The public fell in love with the pair so intensely that the end of his marriage to Faris in 2017 represented the first blemish on Pratt’s public image as an ordinary guy turned action megastar. Various media speculated that the separation was caused by Pratt’s infidelity and inability to deal with his new physique and newfound fame. His subsequent marriage to Katherine Schwarzenegger, the daughter of Arnold Schwarzenegger and Maria Shriver, was not well received either.
It didn’t matter that Faris had also gotten on with her life and took every opportunity to show her affection for her ex-husband on social media: “My sweet Chris, my ex, got engaged to Katherine today, and I’m so happy for them. I knew it was coming, and I love them both. I’m so happy they found each other,” she wrote after Pratt announced his engagement. But nothing subdued his haters, especially when the actor posted a seemingly innocuous message celebrating his love for his new wife.
Pratt’s post remarked on the loving gaze with which his new bride looked at him and thanked her for having given him “a wonderful and healthy daughter.” It was apparently an emotional, simple, and tender message, but some people interpreted it as disparaging to Jack, his son with Faris, a premature baby who, after suffering a brain hemorrhage, had been born with permanent damage to his vision and muscles. “You have a son with your ex-wife, Anna Faris, who unfortunately suffers from very small health problems and you can’t think of anything else to do but upload a post with your new wife and emphasize that she has given you a super healthy daughter,” tweeter Mary Wachi pointed out, criticizing Pratt in a message that was retweeted almost 1800 times. Pratt spoke to Men’s Health about this mistake. “That is fucked up. My son’s gonna read that one day. He’s nine. And it’s etched in digital stone. It really fucking bothered me, dude. I cried about it.”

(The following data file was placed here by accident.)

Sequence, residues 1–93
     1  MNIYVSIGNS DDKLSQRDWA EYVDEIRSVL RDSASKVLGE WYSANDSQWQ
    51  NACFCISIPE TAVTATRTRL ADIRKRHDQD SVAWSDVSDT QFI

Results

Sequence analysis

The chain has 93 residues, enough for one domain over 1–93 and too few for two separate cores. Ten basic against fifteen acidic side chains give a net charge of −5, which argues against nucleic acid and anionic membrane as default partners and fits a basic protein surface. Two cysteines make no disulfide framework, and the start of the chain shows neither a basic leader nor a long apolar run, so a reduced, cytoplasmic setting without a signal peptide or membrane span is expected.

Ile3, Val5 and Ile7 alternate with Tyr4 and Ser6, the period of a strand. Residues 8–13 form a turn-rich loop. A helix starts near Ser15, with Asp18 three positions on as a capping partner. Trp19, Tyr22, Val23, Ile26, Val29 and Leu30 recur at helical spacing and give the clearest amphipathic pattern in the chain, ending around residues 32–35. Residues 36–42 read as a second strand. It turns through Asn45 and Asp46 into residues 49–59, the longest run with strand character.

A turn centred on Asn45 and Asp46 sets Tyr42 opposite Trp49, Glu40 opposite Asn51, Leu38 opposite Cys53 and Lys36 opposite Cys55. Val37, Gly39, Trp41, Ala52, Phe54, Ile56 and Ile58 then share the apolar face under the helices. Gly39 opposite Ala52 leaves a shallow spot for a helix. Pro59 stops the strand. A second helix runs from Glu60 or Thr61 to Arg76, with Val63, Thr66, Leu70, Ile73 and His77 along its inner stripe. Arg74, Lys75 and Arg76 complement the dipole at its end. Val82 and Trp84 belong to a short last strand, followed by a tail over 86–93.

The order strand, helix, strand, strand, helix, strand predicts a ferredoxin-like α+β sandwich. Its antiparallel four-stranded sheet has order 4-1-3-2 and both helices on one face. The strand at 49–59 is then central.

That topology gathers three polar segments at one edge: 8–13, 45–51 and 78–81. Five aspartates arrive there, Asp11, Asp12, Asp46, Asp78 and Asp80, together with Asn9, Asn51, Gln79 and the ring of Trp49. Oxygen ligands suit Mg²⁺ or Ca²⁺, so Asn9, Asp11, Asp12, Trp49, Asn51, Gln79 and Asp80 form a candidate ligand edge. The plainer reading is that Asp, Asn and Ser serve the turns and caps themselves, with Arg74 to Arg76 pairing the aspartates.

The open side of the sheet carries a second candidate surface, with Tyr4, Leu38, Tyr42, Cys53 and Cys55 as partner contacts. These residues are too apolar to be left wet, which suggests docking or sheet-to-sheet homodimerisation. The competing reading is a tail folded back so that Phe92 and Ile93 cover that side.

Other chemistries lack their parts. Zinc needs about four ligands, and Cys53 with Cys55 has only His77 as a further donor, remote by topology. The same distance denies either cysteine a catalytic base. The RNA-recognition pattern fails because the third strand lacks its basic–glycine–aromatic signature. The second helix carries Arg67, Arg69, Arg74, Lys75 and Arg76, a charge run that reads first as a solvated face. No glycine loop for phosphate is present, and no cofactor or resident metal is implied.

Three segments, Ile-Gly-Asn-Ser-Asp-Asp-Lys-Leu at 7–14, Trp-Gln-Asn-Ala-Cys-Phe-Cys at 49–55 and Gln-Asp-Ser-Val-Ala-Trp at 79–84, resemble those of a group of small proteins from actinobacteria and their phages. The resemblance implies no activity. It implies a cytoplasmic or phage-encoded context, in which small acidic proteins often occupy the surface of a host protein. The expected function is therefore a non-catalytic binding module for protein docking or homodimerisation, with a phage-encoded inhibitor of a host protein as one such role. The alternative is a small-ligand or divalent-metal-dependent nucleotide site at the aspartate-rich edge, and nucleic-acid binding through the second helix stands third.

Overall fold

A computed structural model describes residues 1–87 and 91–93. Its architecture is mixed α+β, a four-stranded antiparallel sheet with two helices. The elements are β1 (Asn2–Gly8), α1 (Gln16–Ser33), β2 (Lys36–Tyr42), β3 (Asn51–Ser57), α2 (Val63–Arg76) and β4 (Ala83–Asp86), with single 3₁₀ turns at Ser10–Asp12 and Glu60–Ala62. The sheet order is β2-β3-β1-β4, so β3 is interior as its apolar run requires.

His marriage to Katherine Schwarzenegger has heightened perceptions of Pratt’s conservatism at a time of extreme political polarization in the country: his father-in-law—action-movie legend Arnold Schwarzenegger—had been California’s governor as a Republican. It didn’t help that Pratt was the only star of the Marvel Cinematic Universe who did not join the Democrats’ fundraiser to support candidate Joe Biden, or that he did not participate in the Parks and Recreation cast reunion in support of the Wisconsin Democratic Party.
These absences led to the assumption that Pratt supported Trump, and he was even labeled a white supremacist. Moreover, in an interview with Men’s Journal, he somewhat dully claimed that there were few stories about white men in Hollywood. “I don’t see personal stories that I identify with, because they’re not my stories. I think there’s room for me to tell mine, and there’s probably an audience that would welcome hearing them. The voice of the average working-class American is not well represented in Hollywood.”